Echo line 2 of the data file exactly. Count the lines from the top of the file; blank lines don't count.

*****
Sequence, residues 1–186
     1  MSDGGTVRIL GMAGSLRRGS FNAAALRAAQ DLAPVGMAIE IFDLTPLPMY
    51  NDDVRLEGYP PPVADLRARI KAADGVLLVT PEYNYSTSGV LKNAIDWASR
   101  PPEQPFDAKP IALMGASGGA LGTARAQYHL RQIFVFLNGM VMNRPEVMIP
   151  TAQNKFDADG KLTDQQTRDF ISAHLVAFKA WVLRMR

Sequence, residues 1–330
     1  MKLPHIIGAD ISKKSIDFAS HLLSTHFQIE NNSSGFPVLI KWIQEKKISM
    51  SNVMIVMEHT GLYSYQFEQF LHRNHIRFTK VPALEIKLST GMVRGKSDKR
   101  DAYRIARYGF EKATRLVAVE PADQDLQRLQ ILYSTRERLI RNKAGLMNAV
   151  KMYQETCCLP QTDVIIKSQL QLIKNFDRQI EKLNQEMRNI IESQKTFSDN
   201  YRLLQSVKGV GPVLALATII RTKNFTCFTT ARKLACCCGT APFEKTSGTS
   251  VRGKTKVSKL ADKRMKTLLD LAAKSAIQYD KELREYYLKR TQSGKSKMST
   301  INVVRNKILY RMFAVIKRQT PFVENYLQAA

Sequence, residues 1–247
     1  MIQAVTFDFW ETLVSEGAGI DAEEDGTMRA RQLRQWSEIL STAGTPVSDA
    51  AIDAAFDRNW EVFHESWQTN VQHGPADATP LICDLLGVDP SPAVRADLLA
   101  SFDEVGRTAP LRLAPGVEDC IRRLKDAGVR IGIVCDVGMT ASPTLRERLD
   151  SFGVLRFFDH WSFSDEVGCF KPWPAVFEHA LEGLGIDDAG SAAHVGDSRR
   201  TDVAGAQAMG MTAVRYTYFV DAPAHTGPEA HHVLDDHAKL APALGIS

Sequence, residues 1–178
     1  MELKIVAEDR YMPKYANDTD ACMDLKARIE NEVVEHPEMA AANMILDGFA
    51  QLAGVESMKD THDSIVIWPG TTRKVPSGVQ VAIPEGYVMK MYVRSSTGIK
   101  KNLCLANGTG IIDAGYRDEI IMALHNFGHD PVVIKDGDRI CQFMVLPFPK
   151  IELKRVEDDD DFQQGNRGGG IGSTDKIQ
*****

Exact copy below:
     1  MSDGGTVRIL GMAGSLRRGS FNAAALRAAQ DLAPVGMAIE IFDLTPLPMY